British prisons to lock up emissions

The switch to LEDs at the HMP Elmley prison in Kent could save the Ministry of Justice £115,000

A scheme that will shrink the carbon footprint of English prisons by upgrading existing lighting to LEDs has been launched by the Ministry of Justice (MOJ) owned not-for-profit company Gov Facility Services Limited (GFSL).

The LED switching initiative for HMP Elmley prison in Kent is forecast to save the MOJ £115, 000 and cut 183 tonnes of carbon dioxide annually.

The scheme complements another project in which GFSL will install nearly 5,560 new cell light fittings across 20 sites by March 2021.

That wider upgrade is predicted to reduce operating costs of the 20 sites by £121,000 every year, saving 750,000kWhrs and cutting 168 tonnes of carbon dioxide.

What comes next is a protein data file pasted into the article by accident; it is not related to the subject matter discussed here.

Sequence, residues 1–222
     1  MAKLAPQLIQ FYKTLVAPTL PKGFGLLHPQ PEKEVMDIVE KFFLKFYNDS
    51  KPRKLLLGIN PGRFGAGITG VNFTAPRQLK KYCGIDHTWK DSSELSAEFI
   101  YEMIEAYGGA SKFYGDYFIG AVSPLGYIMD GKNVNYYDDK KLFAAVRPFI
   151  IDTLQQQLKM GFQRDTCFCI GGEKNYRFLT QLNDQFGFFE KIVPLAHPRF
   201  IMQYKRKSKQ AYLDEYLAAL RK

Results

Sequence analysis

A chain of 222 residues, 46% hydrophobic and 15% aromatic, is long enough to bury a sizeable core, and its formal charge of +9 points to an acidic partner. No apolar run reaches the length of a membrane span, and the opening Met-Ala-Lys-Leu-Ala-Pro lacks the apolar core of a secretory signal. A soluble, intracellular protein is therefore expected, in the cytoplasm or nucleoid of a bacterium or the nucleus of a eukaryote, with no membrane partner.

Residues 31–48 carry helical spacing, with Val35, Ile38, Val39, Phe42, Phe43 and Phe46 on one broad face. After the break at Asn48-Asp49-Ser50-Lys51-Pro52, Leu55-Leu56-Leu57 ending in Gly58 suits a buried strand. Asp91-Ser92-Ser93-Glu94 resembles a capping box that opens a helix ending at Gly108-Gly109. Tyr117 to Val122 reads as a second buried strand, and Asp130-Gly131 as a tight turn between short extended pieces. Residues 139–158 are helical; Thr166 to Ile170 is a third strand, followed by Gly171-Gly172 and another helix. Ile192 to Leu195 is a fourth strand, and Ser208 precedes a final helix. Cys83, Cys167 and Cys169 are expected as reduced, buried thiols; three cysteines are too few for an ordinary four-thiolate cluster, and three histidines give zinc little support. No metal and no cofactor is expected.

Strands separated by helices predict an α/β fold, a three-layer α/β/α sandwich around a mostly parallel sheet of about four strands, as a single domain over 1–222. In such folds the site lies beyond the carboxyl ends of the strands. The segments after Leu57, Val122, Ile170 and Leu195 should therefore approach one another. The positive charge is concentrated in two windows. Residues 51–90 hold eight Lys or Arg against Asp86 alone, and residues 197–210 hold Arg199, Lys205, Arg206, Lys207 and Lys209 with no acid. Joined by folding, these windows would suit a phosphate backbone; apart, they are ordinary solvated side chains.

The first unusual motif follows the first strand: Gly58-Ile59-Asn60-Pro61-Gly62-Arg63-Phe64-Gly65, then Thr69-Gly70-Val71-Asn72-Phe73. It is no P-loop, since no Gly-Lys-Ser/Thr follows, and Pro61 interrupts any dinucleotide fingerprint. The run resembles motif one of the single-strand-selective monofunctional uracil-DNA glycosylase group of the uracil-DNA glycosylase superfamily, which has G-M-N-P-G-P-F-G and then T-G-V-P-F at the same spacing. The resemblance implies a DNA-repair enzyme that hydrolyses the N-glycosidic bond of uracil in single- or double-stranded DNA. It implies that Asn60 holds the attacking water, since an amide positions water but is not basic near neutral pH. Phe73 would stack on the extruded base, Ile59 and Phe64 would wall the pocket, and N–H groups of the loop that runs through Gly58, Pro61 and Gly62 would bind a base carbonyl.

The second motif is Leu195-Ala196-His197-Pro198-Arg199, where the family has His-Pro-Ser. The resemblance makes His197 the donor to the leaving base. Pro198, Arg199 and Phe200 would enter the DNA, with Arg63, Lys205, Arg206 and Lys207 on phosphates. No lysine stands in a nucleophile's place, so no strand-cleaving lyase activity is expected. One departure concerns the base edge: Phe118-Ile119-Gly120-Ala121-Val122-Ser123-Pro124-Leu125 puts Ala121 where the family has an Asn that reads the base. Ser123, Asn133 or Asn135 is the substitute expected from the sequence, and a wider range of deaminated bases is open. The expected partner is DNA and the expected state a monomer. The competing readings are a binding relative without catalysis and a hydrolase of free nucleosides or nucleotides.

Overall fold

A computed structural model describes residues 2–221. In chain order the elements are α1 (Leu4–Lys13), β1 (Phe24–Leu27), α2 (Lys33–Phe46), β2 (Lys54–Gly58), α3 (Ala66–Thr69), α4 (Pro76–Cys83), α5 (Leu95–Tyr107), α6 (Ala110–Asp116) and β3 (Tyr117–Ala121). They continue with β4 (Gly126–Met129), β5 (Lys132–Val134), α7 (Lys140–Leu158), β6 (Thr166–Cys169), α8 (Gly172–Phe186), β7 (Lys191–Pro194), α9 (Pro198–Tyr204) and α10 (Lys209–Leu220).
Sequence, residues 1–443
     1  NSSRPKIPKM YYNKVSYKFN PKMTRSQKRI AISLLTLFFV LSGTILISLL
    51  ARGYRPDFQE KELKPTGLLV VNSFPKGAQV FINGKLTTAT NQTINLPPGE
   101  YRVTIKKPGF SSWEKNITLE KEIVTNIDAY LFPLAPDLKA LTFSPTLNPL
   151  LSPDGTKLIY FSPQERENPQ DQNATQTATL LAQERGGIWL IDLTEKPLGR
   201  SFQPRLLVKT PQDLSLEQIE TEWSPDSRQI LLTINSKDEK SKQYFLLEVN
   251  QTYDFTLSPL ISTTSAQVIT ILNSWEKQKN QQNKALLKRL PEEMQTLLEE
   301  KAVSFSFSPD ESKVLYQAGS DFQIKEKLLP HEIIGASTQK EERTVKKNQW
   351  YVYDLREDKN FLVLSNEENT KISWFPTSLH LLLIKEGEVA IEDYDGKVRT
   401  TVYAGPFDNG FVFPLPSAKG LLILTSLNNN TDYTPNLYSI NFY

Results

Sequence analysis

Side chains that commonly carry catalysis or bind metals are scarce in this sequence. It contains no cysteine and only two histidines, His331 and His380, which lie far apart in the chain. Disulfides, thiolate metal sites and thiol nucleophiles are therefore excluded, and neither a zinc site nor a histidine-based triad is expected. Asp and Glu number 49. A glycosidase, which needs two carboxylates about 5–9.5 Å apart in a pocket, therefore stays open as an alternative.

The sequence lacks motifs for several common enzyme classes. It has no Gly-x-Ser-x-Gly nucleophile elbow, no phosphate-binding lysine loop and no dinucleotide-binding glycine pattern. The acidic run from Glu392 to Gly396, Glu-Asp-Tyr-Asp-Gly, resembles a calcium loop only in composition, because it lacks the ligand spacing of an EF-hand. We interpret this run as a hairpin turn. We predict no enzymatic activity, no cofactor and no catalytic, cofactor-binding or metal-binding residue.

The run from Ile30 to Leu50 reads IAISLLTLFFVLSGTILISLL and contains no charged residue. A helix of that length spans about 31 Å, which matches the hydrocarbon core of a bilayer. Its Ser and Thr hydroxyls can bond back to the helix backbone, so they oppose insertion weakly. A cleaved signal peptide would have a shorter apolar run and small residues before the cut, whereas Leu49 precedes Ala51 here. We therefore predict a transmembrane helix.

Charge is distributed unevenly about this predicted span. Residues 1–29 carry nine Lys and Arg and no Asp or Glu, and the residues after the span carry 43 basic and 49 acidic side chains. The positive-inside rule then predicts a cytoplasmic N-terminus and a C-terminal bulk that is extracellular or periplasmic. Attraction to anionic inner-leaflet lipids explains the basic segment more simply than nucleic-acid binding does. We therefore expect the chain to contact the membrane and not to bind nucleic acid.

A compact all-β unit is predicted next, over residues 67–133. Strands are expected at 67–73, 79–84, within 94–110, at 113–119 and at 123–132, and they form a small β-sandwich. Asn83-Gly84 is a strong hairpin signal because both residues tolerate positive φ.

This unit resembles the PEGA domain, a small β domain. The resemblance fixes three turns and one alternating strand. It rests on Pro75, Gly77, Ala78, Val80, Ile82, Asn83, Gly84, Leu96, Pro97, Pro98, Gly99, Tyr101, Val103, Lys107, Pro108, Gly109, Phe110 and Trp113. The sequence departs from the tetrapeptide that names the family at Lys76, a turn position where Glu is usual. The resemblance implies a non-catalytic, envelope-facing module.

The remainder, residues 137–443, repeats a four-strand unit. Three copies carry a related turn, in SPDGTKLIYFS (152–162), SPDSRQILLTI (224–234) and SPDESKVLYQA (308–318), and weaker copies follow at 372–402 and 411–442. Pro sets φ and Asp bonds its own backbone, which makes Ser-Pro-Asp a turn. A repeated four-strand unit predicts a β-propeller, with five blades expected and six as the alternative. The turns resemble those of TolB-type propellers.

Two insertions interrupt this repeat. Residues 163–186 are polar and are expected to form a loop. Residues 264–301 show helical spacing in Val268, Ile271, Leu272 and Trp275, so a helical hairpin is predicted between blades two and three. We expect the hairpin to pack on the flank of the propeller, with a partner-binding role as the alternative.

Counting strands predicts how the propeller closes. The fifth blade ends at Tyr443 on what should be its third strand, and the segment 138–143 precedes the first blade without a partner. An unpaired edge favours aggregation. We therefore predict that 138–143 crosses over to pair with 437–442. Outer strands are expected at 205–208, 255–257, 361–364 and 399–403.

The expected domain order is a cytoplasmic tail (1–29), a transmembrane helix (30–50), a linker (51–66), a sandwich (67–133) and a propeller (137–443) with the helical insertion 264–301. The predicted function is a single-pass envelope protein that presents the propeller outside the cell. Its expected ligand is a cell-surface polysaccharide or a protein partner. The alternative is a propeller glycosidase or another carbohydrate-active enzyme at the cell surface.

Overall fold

GFSL Chief Executive Officer Paul Ryder commented: “The lighting upgrade project at HMP Elmley is an important piece of work that shows how committed the MOJ and GFSL teams are towards meeting our carbon footprint targets in English prisons.

“This scheme will significantly reduce maintenance costs, and allow GFSL to dedicate more resources to improving conditions for residents.”

In 2013, a wind farm on the Isle of Sheppey in Kent was developed next to three prisons known as the Sheppey Prisons Cluster, with co-operation from the Ministry of Justice.

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